Meeting Your Host Child for the First Time


Each child is different and will experience stress differently depending on the circumstances and even depending on the day. For a child participating in the hosting program, meeting their host family for the first time will be stressful. The host child may be experiencing many emotions at the same time including the following:

  • hosting 5Exhaustion When you meet your host child, they would have been traveling for 20+ hours, arrived and departed in and from multiples countries and been on multiple airplanes. It is likely that they have not slept well (or at all). Any sleep they had would have been sitting upright and constantly interrupted. Understandably, these kids are tired!
  • Fear For many host children, this trip will be their first hosting experience. It is normal to be frightened of the unknown. The fear may trigger a child’s fight, flight or freeze response. The child may yell, kick or hit (fight). The child may try to run away or threaten to run away (flight) or express no emotion at all (freeze). Children living in orphanages are survivors and these are all tactics they may have used to survive to this point. It is also impossible to know what they may have been told by others regarding what to expect. It could be that past caregivers or other children told them that the families would do terrible things to them. One of our previously hosted children indicated to us that she was told that when she came to the U.S. her organs would be harvested. Of course, she was terrified on the car ride to the host family’s home.
  • Frustration The host child from Ukraine will speak Ukrainian and/or Russian and have little or no English. They are used to being able to express themselves to other children and their caregiver. They may be very frustrated that they cannot express themselves or their needs to the host family upon initial meeting, and even thereafter. The child may be hungry, thirsty or need to go to the bathroom. It is understandably frustrating not to be able to easily communicate.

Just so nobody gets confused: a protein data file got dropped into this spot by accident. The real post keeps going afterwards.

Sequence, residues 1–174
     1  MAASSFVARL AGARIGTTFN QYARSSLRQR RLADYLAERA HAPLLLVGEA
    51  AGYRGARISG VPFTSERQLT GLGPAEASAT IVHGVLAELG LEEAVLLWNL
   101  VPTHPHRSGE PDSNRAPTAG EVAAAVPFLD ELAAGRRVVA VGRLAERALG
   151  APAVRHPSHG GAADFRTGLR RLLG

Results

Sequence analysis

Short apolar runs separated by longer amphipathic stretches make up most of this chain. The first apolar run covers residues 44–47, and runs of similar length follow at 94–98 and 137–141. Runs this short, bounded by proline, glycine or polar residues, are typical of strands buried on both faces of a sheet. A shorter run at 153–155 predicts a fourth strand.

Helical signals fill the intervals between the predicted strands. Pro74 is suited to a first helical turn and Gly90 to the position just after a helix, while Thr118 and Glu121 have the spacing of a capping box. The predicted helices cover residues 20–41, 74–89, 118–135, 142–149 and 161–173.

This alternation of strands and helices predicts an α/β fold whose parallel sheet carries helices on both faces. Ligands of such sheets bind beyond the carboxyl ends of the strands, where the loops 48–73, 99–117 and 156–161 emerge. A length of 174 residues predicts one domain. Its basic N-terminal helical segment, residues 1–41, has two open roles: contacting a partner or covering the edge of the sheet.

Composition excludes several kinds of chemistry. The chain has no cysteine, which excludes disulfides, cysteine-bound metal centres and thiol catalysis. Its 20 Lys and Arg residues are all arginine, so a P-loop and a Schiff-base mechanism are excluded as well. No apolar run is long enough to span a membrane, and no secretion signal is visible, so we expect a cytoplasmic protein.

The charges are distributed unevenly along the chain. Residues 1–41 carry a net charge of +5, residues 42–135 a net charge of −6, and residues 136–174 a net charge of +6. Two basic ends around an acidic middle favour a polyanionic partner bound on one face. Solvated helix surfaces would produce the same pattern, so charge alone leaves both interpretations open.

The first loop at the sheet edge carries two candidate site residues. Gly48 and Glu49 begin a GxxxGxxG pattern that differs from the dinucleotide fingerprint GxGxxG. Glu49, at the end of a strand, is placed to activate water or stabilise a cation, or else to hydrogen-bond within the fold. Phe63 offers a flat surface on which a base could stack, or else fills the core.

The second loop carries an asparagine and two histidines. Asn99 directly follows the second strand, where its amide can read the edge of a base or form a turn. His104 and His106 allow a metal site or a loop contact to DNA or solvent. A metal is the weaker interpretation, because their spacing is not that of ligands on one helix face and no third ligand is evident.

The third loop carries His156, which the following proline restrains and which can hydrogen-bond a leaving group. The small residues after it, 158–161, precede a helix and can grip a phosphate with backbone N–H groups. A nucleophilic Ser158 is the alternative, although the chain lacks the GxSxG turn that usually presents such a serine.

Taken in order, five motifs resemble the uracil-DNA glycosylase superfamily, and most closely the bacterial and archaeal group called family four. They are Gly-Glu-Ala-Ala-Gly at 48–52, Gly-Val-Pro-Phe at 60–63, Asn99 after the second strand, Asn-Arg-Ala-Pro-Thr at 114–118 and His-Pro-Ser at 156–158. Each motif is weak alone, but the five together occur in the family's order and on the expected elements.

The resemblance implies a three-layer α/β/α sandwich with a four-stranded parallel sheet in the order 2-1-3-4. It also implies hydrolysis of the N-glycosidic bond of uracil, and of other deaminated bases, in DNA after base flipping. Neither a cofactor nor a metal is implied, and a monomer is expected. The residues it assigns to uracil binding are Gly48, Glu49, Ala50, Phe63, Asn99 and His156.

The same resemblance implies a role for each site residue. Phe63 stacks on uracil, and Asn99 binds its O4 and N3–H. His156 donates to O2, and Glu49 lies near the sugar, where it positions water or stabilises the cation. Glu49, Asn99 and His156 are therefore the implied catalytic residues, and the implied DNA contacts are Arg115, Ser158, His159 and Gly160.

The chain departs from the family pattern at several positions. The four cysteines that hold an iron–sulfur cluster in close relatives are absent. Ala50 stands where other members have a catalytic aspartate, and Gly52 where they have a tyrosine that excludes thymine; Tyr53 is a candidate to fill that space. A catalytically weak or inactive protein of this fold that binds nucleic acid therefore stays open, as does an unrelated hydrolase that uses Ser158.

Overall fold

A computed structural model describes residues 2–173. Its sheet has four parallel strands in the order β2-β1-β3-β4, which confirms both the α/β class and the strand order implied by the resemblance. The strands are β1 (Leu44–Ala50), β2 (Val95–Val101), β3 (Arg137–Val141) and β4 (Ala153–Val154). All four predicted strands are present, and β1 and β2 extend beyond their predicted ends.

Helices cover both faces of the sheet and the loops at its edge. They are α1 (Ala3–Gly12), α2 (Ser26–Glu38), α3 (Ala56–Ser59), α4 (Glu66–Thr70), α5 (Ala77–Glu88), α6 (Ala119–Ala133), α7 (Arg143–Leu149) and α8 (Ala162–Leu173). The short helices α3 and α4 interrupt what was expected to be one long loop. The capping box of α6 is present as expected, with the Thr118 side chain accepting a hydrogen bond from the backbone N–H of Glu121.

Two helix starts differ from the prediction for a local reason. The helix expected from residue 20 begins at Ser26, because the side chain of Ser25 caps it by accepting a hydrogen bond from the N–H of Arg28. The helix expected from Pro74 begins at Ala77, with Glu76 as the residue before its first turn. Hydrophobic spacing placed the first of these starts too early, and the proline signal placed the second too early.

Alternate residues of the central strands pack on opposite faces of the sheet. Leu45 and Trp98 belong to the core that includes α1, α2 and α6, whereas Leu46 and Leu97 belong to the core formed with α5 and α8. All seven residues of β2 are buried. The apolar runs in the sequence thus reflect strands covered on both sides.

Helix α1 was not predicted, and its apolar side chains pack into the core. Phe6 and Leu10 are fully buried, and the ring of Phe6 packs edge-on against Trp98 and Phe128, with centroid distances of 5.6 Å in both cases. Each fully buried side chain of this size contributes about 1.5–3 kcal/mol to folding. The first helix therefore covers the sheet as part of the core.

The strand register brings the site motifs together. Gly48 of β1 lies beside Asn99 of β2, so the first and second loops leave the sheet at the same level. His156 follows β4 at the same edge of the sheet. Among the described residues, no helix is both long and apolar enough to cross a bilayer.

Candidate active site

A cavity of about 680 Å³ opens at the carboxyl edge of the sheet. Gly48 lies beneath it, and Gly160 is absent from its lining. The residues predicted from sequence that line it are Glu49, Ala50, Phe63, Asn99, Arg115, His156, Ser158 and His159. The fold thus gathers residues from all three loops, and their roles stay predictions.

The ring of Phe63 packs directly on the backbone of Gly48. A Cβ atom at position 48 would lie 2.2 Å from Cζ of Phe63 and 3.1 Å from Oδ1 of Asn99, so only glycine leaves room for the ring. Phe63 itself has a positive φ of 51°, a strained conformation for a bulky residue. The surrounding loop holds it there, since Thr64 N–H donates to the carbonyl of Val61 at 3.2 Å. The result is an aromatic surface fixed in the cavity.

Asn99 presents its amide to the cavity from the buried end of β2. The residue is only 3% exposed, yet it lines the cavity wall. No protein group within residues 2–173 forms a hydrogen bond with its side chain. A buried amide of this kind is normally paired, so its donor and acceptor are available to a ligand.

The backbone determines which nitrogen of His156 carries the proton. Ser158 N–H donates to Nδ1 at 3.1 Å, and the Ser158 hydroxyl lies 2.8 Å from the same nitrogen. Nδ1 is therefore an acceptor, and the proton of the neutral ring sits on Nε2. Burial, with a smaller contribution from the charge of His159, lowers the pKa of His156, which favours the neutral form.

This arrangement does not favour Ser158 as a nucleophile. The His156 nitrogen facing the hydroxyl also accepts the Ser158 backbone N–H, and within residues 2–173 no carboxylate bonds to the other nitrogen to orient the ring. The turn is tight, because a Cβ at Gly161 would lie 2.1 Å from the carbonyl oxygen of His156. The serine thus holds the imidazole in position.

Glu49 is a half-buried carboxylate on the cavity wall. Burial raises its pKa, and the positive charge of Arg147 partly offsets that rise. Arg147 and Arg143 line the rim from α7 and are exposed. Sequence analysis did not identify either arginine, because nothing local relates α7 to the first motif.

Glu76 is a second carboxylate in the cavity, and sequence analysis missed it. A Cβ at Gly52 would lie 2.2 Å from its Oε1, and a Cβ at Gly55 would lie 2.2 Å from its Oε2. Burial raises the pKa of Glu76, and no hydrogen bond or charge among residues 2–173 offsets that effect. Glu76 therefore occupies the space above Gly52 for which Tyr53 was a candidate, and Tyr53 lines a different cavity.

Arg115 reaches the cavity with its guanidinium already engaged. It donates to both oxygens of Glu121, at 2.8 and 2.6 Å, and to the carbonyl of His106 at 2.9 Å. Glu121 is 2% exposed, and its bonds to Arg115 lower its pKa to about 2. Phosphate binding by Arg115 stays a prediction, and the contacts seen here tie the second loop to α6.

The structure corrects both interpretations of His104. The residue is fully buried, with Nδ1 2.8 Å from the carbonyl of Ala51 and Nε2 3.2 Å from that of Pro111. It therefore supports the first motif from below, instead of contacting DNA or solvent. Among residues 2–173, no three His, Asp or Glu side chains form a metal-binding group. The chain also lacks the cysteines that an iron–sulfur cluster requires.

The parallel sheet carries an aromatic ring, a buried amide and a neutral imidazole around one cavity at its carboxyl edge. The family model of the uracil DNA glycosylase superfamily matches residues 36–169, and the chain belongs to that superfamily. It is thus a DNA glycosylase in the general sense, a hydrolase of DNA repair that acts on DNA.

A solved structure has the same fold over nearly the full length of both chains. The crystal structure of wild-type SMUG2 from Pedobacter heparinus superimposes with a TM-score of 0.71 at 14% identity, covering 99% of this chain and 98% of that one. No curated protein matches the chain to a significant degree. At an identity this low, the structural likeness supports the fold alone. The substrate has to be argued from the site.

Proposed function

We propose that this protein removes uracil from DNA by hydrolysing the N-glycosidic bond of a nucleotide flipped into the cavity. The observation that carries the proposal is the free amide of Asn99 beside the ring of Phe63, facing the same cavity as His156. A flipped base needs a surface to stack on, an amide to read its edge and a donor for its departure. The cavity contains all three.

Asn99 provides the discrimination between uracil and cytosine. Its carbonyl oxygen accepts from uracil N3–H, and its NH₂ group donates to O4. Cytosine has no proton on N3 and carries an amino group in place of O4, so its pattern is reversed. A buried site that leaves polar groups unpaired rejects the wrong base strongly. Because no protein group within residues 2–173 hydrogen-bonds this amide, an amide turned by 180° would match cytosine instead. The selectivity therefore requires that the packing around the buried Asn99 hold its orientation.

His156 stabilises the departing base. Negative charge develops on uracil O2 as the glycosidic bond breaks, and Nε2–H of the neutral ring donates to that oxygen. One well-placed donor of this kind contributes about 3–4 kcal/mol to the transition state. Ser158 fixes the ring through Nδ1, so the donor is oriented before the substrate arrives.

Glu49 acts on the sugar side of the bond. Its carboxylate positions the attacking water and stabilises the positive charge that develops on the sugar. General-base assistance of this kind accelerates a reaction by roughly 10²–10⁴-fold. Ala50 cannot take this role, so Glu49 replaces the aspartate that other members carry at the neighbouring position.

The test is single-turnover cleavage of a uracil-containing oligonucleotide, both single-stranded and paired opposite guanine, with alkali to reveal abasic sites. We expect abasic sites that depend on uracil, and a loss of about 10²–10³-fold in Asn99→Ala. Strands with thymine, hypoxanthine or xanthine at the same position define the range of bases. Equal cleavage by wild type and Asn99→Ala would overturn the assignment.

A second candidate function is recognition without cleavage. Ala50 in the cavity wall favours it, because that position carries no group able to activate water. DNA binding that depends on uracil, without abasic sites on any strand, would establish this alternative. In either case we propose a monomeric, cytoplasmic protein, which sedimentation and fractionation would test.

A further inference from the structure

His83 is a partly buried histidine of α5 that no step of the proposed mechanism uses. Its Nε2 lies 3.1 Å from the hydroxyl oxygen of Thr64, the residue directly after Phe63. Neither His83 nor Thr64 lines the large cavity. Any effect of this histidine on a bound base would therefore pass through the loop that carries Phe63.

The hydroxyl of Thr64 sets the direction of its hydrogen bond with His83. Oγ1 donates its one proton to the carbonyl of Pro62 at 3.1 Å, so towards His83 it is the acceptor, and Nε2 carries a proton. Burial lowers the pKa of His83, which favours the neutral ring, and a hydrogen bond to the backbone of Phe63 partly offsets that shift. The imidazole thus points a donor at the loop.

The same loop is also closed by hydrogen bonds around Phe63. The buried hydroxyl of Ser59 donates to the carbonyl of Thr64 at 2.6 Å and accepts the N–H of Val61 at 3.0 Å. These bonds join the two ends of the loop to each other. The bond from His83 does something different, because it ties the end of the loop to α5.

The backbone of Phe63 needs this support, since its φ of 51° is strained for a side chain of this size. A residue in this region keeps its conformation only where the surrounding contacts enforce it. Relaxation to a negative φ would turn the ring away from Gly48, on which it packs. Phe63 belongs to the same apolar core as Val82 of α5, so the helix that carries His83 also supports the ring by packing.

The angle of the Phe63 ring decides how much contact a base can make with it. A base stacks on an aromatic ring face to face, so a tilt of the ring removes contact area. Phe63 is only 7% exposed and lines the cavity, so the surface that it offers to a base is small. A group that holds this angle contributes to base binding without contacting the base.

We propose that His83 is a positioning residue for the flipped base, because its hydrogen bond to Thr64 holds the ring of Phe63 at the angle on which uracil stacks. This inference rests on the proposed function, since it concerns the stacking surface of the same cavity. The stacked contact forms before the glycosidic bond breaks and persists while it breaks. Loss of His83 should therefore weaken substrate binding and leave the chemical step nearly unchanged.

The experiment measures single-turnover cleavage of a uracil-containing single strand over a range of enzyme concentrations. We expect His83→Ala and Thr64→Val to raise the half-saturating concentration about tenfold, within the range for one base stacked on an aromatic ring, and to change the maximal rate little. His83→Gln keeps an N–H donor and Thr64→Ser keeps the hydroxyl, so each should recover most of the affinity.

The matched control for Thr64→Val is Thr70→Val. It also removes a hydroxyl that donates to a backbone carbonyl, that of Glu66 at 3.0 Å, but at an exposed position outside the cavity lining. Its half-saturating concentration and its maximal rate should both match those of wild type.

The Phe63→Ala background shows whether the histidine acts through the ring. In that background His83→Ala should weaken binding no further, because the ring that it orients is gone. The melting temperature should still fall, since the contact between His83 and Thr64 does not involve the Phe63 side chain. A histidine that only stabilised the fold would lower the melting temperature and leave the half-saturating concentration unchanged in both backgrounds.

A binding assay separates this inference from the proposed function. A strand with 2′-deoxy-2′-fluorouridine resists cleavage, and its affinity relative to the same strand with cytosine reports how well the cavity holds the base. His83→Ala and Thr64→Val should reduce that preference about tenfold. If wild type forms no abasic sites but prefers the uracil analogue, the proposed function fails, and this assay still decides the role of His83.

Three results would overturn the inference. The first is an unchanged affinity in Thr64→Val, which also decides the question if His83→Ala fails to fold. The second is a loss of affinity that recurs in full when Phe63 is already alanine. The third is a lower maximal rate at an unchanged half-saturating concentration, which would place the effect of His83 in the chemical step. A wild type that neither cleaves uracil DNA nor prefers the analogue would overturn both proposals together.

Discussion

These emotions may make the initial meeting a challenge. It could also be the case, that the host child is elated about this new experience. Both experiences are normal, but it is best to prepare for the challenge. Host families and children, however, have proved time and again that the challenge is worth it for both the host children and the host families. In fact, when the host families bring the host children to the airport for departure, the opposite often happens, the children are upset because they don’t want to leave the host family.

For more information on our Summer Hosting Program, please contact Lydia.


Nicole Skellenger works as MLJ Adoptions’ Chief Executive Officer and Adoption Attorney. Nicole has spent time in orphanages with children who have nothing and are desperate for affection and has committed herself to using her skills to create better futures for these deserving children.